Managing Conflict: 50 Strategies for School Leaders

Managing Conflict: 50 Strategies for School Leaders

Managing Conflict: 50 Strategies for School Leaders

Managing Conflict: 50 Strategies for School Leaders

Synopsis

This book offers 50 easy-to-read strategies for managing conflicts in your school involving students, parents, and teachers. Individually, these strategies provide specific insights into conflict resolution, reduction, and management. As a whole, the 50 strategies provide a comprehensive method to lead constructive change in your school. With quotes, examples, and reflection questions, this book offers ideas that help you lead with confidence.

Excerpt

Nonstop adversity is the reality of the principal’s job.

—Jerry Patterson

Power and organizational politics by their very nature create differing levels of conflict. Generally, even though conflict is influenced by places, issues, and the people involved (Owen & Ovando, 2000), school leaders are often not equipped or trained to resolve conflicts (Barnett, 2004; Storey, 2001). This is unfortunate because the majority of a leader’s workday focuses on conflict. Consequently, educators spend a substantial amount of time and energy mediating a variety of circumstances in which individual needs and organizational expectations clash. This has become even more pronounced given the increasing number of groups and stakeholders with whom educational leaders must be involved. For these reasons, Patterson (2007) recently commented that “nonstop adversity is … the reality of the principal’s job” (p. 17).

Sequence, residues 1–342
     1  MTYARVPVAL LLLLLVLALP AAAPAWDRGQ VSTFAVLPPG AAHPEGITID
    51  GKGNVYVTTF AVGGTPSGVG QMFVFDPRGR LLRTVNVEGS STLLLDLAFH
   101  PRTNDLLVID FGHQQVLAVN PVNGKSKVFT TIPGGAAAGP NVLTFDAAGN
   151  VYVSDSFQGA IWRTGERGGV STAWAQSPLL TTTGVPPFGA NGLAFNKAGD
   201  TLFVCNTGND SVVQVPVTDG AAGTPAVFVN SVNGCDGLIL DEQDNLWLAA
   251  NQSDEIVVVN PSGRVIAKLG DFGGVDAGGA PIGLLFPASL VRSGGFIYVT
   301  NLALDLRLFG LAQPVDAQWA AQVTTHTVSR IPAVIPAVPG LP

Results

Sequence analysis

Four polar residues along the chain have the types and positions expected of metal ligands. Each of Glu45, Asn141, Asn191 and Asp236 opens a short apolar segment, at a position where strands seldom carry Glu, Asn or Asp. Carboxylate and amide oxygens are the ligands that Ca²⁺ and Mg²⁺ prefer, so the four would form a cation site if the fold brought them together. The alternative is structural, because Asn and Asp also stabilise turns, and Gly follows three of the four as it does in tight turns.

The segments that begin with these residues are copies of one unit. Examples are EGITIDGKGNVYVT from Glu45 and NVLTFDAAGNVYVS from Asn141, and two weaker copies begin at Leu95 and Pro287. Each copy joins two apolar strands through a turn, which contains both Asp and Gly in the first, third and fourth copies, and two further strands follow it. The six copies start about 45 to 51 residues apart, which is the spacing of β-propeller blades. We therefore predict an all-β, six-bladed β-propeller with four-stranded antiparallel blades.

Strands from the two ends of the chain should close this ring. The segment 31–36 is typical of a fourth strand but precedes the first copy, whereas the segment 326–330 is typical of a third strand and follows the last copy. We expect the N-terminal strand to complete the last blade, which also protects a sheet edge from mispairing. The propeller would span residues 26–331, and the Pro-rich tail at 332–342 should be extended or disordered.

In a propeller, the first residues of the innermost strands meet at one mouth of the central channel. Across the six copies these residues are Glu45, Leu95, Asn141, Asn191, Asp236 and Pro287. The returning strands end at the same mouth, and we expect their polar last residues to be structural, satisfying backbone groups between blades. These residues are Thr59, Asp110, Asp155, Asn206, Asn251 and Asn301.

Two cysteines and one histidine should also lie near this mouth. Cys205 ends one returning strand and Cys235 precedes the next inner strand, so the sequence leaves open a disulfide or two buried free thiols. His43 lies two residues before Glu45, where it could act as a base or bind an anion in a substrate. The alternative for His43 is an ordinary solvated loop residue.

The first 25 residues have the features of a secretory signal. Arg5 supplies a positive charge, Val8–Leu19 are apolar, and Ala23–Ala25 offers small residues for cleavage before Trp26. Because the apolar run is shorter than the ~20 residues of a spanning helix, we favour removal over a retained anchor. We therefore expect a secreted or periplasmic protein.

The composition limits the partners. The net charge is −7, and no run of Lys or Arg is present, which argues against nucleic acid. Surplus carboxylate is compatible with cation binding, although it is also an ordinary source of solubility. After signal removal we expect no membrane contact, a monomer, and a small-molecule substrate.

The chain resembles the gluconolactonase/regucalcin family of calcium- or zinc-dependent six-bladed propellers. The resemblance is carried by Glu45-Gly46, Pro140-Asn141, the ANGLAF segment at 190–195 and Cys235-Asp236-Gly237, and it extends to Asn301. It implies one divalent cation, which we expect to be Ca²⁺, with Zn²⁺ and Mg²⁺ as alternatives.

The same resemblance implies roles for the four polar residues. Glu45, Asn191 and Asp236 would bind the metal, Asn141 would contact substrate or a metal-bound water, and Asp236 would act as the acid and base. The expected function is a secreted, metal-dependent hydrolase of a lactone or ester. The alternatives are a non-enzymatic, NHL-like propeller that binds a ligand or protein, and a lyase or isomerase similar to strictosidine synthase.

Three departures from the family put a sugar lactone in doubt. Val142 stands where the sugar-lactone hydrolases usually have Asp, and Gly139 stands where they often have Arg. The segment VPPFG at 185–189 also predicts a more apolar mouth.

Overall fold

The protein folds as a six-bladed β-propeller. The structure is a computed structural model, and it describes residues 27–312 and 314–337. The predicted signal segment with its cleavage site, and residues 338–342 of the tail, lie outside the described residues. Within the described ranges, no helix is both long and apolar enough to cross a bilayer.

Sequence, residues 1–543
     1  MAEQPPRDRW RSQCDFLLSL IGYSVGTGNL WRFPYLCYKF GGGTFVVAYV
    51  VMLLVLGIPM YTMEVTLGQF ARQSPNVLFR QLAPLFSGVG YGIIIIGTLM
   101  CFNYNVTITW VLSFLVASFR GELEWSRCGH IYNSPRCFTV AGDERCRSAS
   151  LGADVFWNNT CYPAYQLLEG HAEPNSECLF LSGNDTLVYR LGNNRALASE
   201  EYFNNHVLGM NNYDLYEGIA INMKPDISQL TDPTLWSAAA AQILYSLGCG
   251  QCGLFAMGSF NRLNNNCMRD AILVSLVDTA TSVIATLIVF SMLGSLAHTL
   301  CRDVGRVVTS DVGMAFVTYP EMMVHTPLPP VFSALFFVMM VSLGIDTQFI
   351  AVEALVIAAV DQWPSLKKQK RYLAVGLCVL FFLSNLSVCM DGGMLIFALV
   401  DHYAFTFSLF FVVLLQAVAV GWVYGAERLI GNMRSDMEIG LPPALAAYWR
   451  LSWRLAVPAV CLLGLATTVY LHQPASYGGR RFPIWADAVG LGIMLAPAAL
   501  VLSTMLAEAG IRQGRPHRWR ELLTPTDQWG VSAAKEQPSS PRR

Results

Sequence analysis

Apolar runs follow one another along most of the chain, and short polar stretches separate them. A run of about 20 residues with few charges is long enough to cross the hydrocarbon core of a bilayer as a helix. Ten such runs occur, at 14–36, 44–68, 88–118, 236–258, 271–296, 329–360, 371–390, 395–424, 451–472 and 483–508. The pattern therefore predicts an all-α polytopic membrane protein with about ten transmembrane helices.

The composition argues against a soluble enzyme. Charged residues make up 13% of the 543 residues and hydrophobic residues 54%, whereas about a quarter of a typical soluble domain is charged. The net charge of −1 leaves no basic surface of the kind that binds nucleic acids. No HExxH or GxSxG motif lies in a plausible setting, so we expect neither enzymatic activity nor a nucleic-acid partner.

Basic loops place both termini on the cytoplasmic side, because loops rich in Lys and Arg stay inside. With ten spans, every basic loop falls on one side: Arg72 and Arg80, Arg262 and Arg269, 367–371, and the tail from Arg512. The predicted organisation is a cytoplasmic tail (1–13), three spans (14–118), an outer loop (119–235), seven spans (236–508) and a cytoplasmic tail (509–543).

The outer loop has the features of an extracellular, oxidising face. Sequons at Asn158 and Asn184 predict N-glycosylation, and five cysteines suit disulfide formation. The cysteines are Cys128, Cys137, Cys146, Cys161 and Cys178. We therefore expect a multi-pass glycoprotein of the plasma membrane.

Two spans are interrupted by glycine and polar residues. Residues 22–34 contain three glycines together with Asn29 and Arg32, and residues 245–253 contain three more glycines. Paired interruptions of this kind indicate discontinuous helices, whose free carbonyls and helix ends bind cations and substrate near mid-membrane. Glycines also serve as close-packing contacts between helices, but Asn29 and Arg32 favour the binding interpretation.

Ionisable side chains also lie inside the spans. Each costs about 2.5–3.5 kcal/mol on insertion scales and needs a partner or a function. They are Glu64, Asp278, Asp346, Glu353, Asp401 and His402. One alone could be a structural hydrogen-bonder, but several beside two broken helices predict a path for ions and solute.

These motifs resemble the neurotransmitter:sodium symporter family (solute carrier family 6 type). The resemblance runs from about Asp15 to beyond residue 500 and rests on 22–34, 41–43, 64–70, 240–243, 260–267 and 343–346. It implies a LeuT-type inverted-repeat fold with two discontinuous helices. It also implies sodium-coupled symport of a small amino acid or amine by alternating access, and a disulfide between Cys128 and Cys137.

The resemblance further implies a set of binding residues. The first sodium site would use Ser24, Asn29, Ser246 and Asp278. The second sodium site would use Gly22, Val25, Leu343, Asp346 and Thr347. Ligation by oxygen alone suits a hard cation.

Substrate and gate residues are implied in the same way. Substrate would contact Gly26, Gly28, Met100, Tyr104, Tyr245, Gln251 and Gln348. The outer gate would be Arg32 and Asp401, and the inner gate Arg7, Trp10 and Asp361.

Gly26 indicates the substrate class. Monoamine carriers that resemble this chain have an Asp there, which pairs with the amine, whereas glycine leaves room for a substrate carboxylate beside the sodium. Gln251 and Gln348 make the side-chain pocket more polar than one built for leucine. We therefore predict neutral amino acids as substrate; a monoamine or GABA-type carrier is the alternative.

In a 2007 study by Anderson, 255 campus administrators in Texas, 74% reported that they encountered student-related conflict on a routine basis and an additional 18% noted that they dealt with this on a somewhat regular basis. Over half of the administrators indicated that teacher conflict issues occurred at least somewhat regularly. When asked how important they considered conflict management skills, 91% of the administrators indicated that these skills were very important. Yet, over one half of the respondents indicated that they had only had some or even less training in how to handle conflict.

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